Innovative urban studies in the TINLAB programme

Innovative urban studies in the TINLAB programme

The Environmental Psychology Research Group of the Institute for People-Environment Transaction at ELTE PPK, led by Andrea Dúll, is conducting a large-scale basic and applied research on Nyírbátor, a medium-sized town in Eastern Hungary.

Twenty-one new R&D and innovation activities, including fifteen at ELTE, will be launched in 2023 under the TINLAB programme. The Knowledge Centre, a collaboration between four institutions (University of Miskolc, University of Pannonia, Hárfa Foundation and the consortium leader ELTE), will exclusively focus on RDI activities that seek science-based answers to real societal challenges.

The research of the ELTE PPK Institute for People-Environment Transaction (EKTI) contributes to the development of more liveable cities through a multi-dimensional and multi-methodological analysis of Nyírbátor. Nyírbátor is in a very exciting position in Hungary in many respects, which also allows for modelling: the analysis of the city along the mixed methodology of environmental psychology and urbanism is not only valid for the municipality itself, but the studies can also reveal and analyse patterns of urban behaviour, the knowledge of which provides a basis for the development of research and intervention strategies that can be used in other municipalities.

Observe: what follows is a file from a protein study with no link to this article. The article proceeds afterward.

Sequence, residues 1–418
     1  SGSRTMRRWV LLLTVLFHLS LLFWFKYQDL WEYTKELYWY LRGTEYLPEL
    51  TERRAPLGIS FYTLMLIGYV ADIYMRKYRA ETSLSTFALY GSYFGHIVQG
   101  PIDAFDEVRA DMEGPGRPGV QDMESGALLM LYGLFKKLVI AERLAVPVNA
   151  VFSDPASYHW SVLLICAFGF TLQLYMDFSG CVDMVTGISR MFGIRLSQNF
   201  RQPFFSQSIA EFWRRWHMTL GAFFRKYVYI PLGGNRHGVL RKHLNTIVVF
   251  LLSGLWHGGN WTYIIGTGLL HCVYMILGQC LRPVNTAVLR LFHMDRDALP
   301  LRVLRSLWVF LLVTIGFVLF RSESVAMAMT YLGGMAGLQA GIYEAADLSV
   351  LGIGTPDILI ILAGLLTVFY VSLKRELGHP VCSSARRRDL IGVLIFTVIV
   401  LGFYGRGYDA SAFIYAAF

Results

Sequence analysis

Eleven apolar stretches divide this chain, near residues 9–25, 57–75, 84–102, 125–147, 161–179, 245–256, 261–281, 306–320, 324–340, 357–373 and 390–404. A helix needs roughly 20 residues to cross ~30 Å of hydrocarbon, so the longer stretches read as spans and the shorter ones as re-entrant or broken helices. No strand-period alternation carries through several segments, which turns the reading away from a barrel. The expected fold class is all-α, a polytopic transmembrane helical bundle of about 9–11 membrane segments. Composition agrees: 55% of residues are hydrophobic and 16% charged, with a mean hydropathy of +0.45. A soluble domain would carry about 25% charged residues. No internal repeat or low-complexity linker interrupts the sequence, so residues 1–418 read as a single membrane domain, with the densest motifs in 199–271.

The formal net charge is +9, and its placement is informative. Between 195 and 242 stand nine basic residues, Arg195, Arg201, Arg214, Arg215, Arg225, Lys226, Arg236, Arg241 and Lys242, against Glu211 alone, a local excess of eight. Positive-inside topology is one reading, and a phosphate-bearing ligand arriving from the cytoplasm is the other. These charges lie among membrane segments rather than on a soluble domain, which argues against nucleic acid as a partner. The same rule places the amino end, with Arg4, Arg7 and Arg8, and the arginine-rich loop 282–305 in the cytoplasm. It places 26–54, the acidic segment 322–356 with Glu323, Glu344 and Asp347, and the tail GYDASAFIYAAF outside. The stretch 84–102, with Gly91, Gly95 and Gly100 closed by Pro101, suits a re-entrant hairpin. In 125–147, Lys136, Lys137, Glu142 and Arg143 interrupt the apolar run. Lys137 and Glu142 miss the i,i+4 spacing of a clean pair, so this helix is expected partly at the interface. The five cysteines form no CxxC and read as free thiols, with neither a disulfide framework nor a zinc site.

The results can thus be directly applied to urban planning and development.

In the first phase of the research, a representative environmental psychology survey and architectural/urban analysis were used to gain a comprehensive picture of the previously unexplored attitudes of the city's residents towards settlement. In the second phase of the project ("Exploring complex patterns of latent and directly measurable spatial relations: the places of Nyírbátor residents"), complex transdisciplinary studies in environmental psychology, urban planning and architecture are currently being carried out to gain a more in-depth and detailed understanding of the conscious and unconscious relations of Nyírbátor residents to certain spatial situations in the context of the socio-economic processes in the town and its surroundings.

The socio-physical settlement characteristics and patterns identified not only represent novel basic People-environment transactional research findings, but also the good practices developed along these lines are summarised in a handbook, the knowledge base of which supports more humane planning and design of settlements.